Select an Affordable Health Care Plan
Posted on Friday, November 20th, 2015
Open enrollment is underway for consumers affected by the Affordable Care Act.
Under the health care law, uninsured adults under age 65 must endeavor to buy health insurance or risk a tax penalty for being insufficiently insured.
December 15 is the ending date to enroll or change plans for those wanting their new health care plan to become effective on January 1, 2016.
January 31, 2016 is the last date to enroll for 2016 coverage.
Area enrollers are busy now counseling consumers on their plan choices. In Marietta are Big 5 Community Services at 276-3154 and State Farm Insurance at 276-3388. In Thackerville is Pearman Insurance at 276-3672.
Oklahoma had four carriers in its marketplace exchange in 2015, but that will be down to two for 2016 plans. New and renewing enrollees will have to choose from a total of 23 plans offered by Blue Cross Blue Shield of Oklahoma and United Health Care.
Blue Cross Blue Shield dropped its Blue Choice plans, leaving about 40,000 insureds in Oklahoma, including a number in Love County, who will need to switch to plans that use the Blue Advantage or Blue Preferred Networks.
Melodie Schaffer at Pearman Insurance said she advised clients to call their doctors to be sure the physicians accept a plan before enrolling in it.
"Consumers need to look over all the plan choices to find the one that best fits their situation," said Kim Staton at State Farm.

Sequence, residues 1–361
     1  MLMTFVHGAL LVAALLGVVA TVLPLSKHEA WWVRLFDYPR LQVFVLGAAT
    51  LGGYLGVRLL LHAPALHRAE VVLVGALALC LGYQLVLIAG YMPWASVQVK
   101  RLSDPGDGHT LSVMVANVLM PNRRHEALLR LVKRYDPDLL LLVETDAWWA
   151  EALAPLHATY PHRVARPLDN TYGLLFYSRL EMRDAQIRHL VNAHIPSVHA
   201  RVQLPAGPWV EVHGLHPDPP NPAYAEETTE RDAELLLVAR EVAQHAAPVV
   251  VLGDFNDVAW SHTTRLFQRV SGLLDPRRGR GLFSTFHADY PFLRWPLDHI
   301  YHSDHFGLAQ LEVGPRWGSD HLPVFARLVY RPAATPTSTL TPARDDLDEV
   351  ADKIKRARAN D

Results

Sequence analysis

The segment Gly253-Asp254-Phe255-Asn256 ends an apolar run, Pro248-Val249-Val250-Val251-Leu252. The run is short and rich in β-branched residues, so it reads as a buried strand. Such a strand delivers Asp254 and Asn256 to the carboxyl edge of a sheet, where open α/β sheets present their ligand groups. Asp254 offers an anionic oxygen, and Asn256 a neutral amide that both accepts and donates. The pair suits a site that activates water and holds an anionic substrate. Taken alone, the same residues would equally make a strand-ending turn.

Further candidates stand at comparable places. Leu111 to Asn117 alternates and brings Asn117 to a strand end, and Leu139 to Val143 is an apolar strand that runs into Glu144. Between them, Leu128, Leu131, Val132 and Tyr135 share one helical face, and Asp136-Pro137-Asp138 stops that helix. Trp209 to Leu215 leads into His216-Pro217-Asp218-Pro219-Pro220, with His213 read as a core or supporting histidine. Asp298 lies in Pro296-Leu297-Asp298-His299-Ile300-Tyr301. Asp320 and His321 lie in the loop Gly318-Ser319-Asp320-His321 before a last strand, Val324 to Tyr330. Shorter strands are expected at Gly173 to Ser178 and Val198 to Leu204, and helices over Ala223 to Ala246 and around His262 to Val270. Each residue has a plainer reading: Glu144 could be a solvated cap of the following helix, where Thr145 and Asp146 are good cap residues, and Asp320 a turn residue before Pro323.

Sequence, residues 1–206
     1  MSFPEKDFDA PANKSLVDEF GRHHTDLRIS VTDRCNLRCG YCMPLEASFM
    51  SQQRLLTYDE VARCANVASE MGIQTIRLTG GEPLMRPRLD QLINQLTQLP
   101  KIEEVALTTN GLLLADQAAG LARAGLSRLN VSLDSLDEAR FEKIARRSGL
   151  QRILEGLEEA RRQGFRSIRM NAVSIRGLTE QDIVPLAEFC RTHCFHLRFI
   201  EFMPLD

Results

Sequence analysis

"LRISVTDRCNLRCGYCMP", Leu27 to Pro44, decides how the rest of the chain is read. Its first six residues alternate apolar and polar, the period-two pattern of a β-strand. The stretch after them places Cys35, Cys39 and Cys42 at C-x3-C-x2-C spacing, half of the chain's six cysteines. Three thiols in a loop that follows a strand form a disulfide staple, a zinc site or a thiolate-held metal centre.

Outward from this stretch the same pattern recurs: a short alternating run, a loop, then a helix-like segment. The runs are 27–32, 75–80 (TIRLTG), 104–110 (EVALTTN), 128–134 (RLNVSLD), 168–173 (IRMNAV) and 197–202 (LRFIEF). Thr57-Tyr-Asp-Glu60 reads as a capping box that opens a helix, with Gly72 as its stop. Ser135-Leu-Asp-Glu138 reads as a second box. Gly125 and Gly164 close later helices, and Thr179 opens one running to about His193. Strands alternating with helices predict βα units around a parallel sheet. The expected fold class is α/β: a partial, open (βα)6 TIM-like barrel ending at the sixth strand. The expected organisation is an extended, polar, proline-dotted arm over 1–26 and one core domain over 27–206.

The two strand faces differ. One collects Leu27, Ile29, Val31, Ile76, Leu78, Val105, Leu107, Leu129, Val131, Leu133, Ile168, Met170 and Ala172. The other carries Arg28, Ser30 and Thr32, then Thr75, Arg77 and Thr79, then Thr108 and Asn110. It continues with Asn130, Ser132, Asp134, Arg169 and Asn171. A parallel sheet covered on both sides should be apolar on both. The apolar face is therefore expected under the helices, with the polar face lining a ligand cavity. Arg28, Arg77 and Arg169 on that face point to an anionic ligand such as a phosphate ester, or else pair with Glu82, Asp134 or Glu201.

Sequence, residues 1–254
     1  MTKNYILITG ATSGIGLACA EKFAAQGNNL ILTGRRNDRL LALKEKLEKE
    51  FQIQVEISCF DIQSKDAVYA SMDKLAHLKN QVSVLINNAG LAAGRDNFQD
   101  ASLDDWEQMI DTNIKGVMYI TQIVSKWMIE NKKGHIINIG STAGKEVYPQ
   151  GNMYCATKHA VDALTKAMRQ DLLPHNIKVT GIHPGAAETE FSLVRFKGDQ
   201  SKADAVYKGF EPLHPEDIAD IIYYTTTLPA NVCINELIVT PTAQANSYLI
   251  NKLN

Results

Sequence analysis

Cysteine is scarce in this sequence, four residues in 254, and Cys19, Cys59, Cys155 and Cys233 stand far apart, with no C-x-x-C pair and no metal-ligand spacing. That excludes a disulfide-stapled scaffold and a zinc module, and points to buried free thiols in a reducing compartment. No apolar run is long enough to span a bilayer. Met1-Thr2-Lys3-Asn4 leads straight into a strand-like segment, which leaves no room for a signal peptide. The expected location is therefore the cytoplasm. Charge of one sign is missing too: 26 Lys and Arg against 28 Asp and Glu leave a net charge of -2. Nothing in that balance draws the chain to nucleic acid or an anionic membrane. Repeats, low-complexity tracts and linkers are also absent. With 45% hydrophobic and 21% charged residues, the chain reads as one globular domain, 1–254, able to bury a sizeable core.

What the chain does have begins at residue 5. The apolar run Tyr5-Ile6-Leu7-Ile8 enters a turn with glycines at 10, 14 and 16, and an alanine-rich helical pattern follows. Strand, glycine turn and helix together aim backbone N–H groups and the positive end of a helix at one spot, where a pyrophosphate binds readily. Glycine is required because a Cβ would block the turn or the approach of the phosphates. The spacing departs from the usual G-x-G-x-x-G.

Consumers also can self-enroll at the healthcare marketplace website, www.healthcare.gov. The national helpline offers 24-hour assistance at 1-800-318-2596.
About 150,000 Oklahomans are enrolled in a marketplace plan. Most are receiving federal tax subsidies that reduce the cost of coverage to an "affordable" percentage of income.
The subsidies keep pace with the cost of insurance. When plan premiums go up, the person's subsidy goes up to keep the total cost of coverage within the affordable amount, which ranges from 2 percent to 9.5 percent of income.
Generally speaking, an individual earning between $11,770 and $46,650 or a family of four earning between $24,250 and $95,400 is eligible for some kind of assistance to lower the cost of a marketplace plan.
Marketplace plans cover essential health benefits (such as hospital, doctor, prescription drug, specialists, surgery, mental health care, rehabilitative care, medical devices), preexisting conditions, and preventive care.
In 2015, 75 percent of the Oklahomans who enrolled through the marketplace selected a Blue Cross and Blue Shield of Oklahoma plan. The vast majority qualified for tax subsidies that reduced their premiums.
About 150,000 Oklahomans - 1 in 5 remaining uninsured -- are caught in a "coverage crater." They earn too much for traditional Medicaid but not enough to qualify for subsidies to purchase health insurance on the online marketplace.
Oklahoma has actively opposed expanding Medicaid.
Also, in June, the state lost a lawsuit that would have disallowed subsidies on marketplace plans sold in Oklahoma. The U.S. Supreme Court ruled that Oklahoma consumers could keep their subsidies and continue to purchase marketplace coverage through the federally operated healthcare.gov.